When doing image segmentation using CNNs, we often hear about the Dice coefficient, and sometimes we see the term dice loss. A lot of us get confused between these two metrics.

Physically they are the same, but when we look at their values we find that they are not the same!

The answer is very easy, but before talking about the difference between them, let’s talk about what is the dice coefficient because the dice loss is a special case of the dice coefficient.

# Dice coefficient

When we do semantic segmentation for example, we want to evaluate the model either during the training which means in the validation steps or after the training which means in the testing steps. We need always to calculate a metric which is an equation between the ground truth and the predicted mask. And by looking at the values of these metrics we can say that the model is learning well or not. So the equation of the dice coefficient which can be used as a metric is two times the intersection between the ground truth and the predicted mask, divided by the sum of the ground truth and the predicted mask.

Let’s make it more clear:

The circle ** A** is for the predicted mask and the circle

**is for the ground truth.**

*B*And you can see this yellow part is the intersection between the ground truth and the predicted mask.

This will be the dice coefficient, so we can see that more the intersection will go up means that the dice value will increase as well.

The minimum value that the dice can take is ** 0**, which is when there is no intersection between the predicted mask and the ground truth. This will give the value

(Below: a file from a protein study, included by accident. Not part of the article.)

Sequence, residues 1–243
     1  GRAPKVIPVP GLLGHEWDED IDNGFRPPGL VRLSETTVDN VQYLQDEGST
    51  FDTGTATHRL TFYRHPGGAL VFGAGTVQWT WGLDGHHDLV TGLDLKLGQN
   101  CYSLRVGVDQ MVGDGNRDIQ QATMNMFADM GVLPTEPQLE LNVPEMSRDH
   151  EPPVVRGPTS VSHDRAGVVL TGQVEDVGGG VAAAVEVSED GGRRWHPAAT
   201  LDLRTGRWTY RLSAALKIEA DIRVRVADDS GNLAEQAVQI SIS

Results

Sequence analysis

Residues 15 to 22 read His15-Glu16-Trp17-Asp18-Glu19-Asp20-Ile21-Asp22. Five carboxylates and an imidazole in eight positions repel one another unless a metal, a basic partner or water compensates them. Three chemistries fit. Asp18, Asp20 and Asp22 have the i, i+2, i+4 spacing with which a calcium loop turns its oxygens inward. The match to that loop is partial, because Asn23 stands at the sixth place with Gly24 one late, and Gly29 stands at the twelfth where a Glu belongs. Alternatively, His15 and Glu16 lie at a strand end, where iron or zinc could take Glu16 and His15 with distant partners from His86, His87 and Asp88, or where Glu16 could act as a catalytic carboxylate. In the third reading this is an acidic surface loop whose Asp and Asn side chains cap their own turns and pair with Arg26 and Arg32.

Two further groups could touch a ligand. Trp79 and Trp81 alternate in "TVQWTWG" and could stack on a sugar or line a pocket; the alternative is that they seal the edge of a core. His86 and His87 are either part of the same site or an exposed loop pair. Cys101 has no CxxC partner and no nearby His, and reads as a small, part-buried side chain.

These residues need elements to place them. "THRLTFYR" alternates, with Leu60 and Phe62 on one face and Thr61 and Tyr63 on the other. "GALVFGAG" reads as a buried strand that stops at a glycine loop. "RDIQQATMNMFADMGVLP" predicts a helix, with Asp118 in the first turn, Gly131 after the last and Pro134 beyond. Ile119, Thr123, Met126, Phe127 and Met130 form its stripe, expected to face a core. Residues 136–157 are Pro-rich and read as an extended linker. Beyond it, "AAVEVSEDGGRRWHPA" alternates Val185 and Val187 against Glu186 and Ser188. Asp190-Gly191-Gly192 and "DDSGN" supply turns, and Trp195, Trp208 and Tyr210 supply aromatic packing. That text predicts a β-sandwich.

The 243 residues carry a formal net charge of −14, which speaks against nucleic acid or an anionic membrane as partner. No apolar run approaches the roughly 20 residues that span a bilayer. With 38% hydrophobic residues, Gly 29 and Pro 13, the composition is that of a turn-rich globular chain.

**to the numerator and of course**

*0***divided by anything will give**

*0***.**

*0*The maximum value that the dice can take is ** 1**, which means the prediction is

**correct. For that we will have the intersection equal to**

*99%***or**

*A***(the prediction mask or the ground truth) because they are the same. And when multiplying them by**

*B***means that we will get**

*2***times the same value divided by**

*2***times the same value and the result will be**

*2***. Let me show you this in a graph.**

*1*I hope that you understood the principle of the dice coefficient. From this we can know that the dice coefficient will have a value between ** 0** and

**, more we are near to**

*1***means that the model is predicting good results.**

*1*# The dice loss

Now after that you understand the meaning of the Dice coefficient, the dice loss is very easy also. You remember that we said that the best values of the dice are the values that are near to ** 1**, and we know that for the loss values we need small values which will be used to correct the weights in the backpropagation.

So we can do a small equation using the Dice coefficient to get small values instead of values near to ** 1**.

By looking at this equation, we can conclude that when the dice value will go up then the dice loss will go down, and when we get the max value of the dice then we will get ** 0** in the loss which means that the model is perfect (probably).